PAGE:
Ann Intern Med. 2005;143(3):212-221. doi:10.7326/0003-4819-143-3-200508020-00007
Richard J. Baron, MD; Elizabeth L. Fabens, MD; Melissa Schiffman, MD; Erica Wolf, MD
The authors recently implemented a full-featured electronic health record in their independent, 4-internist, community-based practice of general internal medicine. This article tells the story of this change. It describes the hardships of change, its rewards, and the effects of electronic health records on this practice's finances, work flow, and office environment.
Ann Intern Med. 2005;143(3):222-226. doi:10.7326/0003-4819-143-3-200508020-00008
Peter Basch, MD
In this issue, Baron and colleagues detail the costs and difficulties of implementing an electronic health record (EHR) system, and Kaushal and colleagues estimate the costs of building a national health information network (NHIN). Many questions surround these innovations. Will meaningful health care transformation follow? Are EHRs and the NHIN interdependent? Is the EHR affordable for small practices? Can the United States afford the NHIN? How can we make EHR implementation and secure connectivity easier and less costly?
Ann Intern Med. 2005;143(3):227-228. doi:10.7326/0003-4819-143-3-200508020-00009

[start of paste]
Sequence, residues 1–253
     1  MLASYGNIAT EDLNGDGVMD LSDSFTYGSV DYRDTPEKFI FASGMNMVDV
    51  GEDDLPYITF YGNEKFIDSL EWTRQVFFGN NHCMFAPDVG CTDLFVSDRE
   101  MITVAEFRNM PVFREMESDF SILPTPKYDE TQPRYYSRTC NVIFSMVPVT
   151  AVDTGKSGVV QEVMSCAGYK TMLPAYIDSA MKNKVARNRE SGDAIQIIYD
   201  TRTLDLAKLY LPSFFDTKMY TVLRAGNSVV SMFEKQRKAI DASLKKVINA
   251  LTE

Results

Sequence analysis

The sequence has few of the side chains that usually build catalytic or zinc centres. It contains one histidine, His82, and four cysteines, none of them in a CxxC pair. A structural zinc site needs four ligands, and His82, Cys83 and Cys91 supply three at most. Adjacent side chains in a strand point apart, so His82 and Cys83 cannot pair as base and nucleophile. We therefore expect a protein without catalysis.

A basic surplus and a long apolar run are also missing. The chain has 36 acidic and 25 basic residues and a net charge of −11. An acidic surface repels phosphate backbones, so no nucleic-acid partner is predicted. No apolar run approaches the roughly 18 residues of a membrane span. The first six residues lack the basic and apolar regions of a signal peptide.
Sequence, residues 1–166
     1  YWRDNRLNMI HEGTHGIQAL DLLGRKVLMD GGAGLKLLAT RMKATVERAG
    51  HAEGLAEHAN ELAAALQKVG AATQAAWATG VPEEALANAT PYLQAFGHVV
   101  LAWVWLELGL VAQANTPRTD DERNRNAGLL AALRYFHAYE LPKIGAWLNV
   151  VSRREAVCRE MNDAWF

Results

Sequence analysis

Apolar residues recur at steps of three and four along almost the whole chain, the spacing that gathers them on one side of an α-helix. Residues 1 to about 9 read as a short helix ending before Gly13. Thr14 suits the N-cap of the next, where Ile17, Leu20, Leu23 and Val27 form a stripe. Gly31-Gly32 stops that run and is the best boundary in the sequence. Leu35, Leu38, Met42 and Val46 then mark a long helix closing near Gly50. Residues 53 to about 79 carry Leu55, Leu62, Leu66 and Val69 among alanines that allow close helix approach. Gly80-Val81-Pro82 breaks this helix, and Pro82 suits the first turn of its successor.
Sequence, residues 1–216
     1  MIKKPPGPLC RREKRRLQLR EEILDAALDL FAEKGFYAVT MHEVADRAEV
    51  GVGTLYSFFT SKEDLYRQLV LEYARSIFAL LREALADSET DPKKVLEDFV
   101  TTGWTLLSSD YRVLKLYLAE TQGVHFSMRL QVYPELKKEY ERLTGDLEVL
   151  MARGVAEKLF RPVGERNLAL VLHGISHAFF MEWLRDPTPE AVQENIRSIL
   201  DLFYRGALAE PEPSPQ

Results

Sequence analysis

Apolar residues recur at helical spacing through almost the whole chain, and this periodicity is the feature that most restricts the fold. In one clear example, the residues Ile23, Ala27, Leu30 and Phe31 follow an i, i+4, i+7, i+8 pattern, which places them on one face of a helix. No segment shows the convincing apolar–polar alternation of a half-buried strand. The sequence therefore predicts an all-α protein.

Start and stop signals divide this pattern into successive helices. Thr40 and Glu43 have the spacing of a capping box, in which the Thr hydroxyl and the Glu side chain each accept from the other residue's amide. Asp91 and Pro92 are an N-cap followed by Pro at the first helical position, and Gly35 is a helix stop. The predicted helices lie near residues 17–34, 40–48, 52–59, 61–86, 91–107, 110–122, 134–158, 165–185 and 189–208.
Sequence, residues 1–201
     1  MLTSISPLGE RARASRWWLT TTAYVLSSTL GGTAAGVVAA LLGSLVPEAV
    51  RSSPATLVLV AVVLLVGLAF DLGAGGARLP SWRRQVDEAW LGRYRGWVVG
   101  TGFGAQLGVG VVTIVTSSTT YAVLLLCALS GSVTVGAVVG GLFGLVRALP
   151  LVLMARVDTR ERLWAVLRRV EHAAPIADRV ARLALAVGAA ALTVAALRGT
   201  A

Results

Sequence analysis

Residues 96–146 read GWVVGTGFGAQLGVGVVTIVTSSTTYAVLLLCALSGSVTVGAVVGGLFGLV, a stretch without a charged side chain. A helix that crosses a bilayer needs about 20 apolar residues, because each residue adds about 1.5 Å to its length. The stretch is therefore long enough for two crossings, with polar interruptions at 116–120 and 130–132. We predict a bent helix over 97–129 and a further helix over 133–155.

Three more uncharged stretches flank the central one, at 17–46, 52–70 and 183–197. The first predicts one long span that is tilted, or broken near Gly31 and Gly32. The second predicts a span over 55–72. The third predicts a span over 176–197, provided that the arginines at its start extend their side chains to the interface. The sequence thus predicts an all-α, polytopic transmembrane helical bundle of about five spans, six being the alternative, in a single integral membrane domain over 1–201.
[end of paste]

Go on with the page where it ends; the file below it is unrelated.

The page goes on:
Gerald Schulman, MD
Jaar and colleagues found that patients with end-stage renal disease receiving peritoneal dialysis have a lower risk for death in the first year of dialysis than those receiving hemodialysis. After the first year, survival is better with hemodialysis. Their findings differ from those of previous investigations. This editorial reviews the strengths and weaknesses of the Jaar study and places it into the framework of advances in dialysis techniques.
Ann Intern Med. 2005;143(3):229-231. doi:10.7326/0003-4819-143-3-200508020-00010
Harold C. Sox, MD, Editor; Cynthia Mulrow, MD, MSc, Deputy Editor
In 2002, Annals published a systematic review of screening for prostate cancer. The value of screening depends on the effectiveness of treatment of early-stage prostate cancer. In 2002, the only well-conducted randomized trial comparing radical prostatectomy with watchful waiting had a follow-up of 6.2 years, which is short relative to the long natural history of most prostate cancer. The New England Journal of Medicine recently published longer-term results of this trial. Here's our take on how they clarify treatment of early prostate cancer and the case for screening.
Ann Intern Med. 2005;143(3):232-233. doi:10.7326/0003-4819-143-3-200508020-00011
Alain Le, BS
It was the second day of medical school and already we were headed up to the wards to confront our first real patients. With a shaking hand and a similar shake in my voice, I introduced myself as a first-year student. Sitting down in the chair beside my patient, I asked, “So, what brings you to the hospital today?” My inquisition steadily grew as more questions came pouring forth.
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Ann Intern Med. 2005;143(3):I-17. doi:10.7326/0003-4819-143-3-200508020-00001
Ronald T. Ackermann, MD, MPH
Ann Intern Med. 2005;143(3):240. doi:10.7326/0003-4819-143-3-200508020-00023
William H. Salazar, MD
Ann Intern Med. 2005;143(3):240. doi:10.7326/0003-4819-143-3-200508020-00024